Hanged, Drawn and Quartered
The penalty of hanging, drawing, and quartering in England began to evolve as a penalty for treason in the thirteenth century. Matthew of Paris, a contemporary chronicler, recorded how a plot to kill Henry III resulted in two men, William de Marisco and his unnamed accomplice being put to death. The two men were drawn on hurdles to their place of execution and hung. De Marisco was posthumously disemboweled and quartered and his accomplice beheaded.
Henry’s son, Edward III elaborated on this grisly ritual. He was enraged when welsh nobleman Dafydd ap Gruffydd declared himself Prince of Wales and rebelled against the English crown in attempted to restore welsh independence. Once ap Gruffydd was captured, Edward came up with a suitable punishment for the recalcitrant Prince.
Firstly, he instigated a new law of High Treason, of which ap Gruffydd was found guilty and condemned to death. The manner of that death suitable expressed Edward’s ire. Ap Gruffydd was to be drawn to his place of execution because of his rebellion. He would then be hung for killing English nobles at Easter. He would be cut down and eviscerated while alive and his body quartered and displayed for his treachery to the King. In this way, Dafydd ap Gruffydd became the first noble to be hung, drawn and quartered.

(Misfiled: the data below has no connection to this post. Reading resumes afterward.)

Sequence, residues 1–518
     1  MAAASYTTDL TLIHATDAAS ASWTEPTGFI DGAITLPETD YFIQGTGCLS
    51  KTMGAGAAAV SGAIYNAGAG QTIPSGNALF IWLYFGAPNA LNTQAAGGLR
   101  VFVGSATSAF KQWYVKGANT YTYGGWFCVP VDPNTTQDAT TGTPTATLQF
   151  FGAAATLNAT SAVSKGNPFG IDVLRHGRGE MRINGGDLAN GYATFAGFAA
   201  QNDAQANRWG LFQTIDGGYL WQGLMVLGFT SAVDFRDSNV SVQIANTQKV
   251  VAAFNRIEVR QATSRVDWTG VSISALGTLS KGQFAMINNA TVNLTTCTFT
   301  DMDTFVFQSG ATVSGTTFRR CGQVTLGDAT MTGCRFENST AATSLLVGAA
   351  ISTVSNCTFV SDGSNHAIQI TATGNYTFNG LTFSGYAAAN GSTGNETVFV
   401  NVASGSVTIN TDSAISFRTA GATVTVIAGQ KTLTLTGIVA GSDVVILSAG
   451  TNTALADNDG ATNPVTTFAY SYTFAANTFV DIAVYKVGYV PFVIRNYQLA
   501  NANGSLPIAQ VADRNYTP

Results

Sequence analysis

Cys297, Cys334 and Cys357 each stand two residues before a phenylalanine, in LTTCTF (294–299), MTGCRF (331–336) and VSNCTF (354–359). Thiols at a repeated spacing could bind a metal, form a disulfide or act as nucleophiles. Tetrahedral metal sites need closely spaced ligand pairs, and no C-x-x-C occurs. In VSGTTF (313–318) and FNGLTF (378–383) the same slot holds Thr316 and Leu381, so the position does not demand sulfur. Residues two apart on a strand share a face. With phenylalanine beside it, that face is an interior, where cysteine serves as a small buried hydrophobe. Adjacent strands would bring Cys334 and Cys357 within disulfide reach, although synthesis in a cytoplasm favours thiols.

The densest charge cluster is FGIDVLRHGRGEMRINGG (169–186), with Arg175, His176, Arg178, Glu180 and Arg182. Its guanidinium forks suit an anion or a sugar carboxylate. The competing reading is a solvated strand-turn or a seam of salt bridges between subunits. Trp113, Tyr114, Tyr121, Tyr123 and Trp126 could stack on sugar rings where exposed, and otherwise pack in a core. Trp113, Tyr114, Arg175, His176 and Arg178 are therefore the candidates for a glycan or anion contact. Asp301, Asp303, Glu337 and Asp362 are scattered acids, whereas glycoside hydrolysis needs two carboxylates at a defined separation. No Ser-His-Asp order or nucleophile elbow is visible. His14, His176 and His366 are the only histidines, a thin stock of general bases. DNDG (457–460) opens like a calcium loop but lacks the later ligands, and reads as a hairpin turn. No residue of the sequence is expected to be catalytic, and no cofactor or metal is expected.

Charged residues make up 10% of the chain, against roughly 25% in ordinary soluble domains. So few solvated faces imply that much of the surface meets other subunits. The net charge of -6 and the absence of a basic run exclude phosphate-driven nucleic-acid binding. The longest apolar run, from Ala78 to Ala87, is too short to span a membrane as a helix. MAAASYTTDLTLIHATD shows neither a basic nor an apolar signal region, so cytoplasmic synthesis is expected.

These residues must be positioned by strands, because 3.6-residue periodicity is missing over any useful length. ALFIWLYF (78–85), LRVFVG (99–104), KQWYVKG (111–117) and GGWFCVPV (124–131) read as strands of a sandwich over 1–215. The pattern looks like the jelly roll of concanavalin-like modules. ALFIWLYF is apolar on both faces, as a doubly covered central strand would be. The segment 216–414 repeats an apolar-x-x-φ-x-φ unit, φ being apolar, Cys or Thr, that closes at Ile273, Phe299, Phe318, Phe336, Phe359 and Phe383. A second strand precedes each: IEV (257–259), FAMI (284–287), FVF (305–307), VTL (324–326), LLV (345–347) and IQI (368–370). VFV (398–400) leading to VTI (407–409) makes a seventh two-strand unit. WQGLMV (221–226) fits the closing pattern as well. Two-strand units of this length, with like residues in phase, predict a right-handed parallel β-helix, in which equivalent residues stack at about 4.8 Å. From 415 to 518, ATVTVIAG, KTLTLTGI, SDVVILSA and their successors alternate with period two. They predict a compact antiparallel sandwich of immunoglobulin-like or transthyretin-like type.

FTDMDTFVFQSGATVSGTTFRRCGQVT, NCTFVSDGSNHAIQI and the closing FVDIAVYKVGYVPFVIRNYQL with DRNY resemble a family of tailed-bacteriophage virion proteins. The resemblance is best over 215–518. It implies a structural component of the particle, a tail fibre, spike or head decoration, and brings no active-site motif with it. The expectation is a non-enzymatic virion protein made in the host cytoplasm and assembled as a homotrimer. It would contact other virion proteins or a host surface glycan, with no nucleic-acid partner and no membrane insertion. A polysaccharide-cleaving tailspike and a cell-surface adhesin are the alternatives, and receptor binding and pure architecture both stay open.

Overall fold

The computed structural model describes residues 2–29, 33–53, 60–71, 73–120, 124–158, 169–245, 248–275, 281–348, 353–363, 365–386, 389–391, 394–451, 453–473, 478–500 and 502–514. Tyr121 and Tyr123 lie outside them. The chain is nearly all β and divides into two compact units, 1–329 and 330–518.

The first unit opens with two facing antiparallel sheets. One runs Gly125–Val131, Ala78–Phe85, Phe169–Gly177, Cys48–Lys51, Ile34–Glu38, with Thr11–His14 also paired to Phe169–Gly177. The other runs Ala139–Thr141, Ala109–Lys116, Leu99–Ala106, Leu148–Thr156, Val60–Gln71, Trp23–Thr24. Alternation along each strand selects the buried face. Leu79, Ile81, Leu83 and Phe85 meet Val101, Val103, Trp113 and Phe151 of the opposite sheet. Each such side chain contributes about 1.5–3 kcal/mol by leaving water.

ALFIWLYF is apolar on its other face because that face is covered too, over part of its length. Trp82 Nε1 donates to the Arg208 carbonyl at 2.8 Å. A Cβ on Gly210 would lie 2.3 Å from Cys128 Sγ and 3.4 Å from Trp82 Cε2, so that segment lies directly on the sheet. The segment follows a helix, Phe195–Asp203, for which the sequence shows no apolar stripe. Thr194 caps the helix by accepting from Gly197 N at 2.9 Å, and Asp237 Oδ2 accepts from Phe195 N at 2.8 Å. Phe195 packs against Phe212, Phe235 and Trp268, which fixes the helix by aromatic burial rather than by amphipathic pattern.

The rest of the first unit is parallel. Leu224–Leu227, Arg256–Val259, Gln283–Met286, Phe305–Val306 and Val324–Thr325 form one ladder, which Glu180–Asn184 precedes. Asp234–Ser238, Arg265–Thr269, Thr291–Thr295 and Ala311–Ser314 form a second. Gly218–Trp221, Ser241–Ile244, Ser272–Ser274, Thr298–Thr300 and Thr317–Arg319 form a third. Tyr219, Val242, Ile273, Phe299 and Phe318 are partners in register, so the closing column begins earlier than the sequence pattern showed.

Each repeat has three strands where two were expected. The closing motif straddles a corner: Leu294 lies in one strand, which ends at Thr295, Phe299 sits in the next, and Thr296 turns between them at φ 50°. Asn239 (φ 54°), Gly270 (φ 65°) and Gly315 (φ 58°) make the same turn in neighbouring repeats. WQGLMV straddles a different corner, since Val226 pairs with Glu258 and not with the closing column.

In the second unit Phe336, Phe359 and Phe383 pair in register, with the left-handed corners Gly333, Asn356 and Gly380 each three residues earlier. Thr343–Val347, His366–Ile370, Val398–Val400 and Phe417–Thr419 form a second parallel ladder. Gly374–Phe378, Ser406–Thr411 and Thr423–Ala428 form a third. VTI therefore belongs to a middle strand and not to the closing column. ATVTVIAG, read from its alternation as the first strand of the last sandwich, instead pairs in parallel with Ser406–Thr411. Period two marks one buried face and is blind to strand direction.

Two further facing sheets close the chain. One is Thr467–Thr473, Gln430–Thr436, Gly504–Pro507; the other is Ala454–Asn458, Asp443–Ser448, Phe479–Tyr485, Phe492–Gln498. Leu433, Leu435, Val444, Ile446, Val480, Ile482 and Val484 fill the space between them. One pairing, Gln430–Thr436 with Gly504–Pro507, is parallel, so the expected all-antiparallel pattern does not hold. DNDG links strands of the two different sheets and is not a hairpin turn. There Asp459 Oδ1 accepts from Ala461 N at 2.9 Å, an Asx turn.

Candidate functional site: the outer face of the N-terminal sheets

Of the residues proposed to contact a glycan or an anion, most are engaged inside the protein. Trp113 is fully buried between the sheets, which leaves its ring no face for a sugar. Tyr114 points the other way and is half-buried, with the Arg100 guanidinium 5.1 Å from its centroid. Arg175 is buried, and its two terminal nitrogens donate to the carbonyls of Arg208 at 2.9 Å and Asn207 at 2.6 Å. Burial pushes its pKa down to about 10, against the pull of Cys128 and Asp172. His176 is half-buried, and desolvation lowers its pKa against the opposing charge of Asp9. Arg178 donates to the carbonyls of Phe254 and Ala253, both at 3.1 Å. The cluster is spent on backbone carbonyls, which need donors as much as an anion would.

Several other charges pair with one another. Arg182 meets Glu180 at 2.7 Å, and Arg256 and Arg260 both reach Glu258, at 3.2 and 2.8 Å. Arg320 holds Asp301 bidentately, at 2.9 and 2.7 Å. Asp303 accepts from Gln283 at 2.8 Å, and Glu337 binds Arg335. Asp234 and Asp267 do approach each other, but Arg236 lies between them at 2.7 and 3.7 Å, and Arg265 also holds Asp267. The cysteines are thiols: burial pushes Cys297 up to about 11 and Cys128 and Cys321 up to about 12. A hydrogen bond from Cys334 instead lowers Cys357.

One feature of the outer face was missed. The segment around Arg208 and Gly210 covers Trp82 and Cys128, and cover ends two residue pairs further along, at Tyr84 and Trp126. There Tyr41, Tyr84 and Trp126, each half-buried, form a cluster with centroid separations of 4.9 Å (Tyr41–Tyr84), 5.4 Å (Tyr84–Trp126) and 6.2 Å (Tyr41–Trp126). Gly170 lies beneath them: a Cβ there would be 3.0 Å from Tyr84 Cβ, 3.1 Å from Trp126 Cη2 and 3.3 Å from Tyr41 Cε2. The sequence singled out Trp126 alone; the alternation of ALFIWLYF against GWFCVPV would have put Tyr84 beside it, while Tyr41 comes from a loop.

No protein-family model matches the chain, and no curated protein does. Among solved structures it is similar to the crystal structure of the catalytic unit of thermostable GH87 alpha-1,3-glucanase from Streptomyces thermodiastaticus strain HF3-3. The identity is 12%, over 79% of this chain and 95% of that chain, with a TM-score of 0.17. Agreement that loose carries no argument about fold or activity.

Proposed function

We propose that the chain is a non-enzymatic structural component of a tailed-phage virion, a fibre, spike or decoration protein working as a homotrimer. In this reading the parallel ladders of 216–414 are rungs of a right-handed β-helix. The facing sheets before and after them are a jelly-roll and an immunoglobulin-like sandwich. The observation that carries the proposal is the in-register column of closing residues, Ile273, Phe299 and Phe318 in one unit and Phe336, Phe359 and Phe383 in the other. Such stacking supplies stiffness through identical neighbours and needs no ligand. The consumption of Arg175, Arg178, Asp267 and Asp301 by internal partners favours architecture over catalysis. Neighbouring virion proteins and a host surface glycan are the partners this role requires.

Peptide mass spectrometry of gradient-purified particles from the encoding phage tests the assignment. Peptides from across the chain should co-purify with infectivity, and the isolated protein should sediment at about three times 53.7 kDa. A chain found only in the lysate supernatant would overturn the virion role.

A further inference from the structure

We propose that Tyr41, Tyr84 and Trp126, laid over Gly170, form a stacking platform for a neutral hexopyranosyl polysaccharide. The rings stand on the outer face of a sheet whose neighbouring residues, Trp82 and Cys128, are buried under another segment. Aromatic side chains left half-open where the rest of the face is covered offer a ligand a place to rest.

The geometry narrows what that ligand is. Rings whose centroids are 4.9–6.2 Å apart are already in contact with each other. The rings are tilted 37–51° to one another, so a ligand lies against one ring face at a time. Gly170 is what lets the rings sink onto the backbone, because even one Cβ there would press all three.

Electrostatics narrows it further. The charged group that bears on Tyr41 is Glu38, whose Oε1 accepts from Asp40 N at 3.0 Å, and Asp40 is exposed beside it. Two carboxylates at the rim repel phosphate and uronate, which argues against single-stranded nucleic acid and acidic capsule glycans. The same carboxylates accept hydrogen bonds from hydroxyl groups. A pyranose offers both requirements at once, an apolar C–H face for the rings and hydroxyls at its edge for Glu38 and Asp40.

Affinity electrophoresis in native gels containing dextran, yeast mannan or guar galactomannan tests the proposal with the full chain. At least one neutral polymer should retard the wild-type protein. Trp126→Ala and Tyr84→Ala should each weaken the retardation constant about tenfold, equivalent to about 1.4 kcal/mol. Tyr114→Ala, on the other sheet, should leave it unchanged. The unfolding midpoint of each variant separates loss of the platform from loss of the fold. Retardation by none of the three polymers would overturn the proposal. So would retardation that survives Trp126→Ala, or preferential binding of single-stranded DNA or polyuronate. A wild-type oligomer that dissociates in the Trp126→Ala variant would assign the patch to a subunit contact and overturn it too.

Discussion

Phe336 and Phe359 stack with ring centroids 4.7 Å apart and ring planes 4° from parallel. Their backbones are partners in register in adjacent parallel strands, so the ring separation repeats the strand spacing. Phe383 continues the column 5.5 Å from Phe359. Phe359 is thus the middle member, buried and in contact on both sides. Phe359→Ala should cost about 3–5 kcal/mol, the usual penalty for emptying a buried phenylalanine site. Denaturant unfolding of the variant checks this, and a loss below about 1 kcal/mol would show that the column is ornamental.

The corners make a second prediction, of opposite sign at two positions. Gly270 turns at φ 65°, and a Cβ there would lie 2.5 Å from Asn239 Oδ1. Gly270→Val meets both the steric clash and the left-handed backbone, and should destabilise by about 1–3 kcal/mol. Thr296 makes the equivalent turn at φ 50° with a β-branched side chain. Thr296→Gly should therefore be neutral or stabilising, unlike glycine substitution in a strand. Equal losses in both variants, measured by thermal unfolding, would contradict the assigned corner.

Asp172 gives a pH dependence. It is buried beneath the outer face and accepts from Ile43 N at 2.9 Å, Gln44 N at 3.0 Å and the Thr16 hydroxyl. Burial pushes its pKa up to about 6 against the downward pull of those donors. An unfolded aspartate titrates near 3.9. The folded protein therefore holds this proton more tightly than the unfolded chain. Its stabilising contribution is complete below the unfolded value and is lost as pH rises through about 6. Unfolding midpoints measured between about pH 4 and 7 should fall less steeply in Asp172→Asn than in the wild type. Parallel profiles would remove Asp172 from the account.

The 1351 Treason Act made hanging, drawing and quartering the statutory punishment for treason- for men at least. Because it involved stripping the body, women were spared the penalty for modesties sake- and burned instead. Treason was not just against the king. The crime of petty treason: the murder of an employer or husband also earned the same penalty as high treason.
The victim was usually still alive during disemboweling. Major General Thomas Harrison, one of the signatories on the death warrant of Charles I actually hit the executioner as he cut him open. Others tried to avoid the worst by ensuring they died on the gallows. Guy Fawkes broke his own neck by jumping from the gallows at his execution in 1606. Often, sympathetic onlookers would pull on the condemned person’s legs to help them along before they were eviscerated.
The penalty for hanging, drawing, and quartering was modified from the late eighteenth century, with bodily mutilation occurring after death. The last person sentenced to it in 1839 after the Chartist Newport rising had their sentence transmuted to transportation and in 1870, the penalty was removed from the statute books.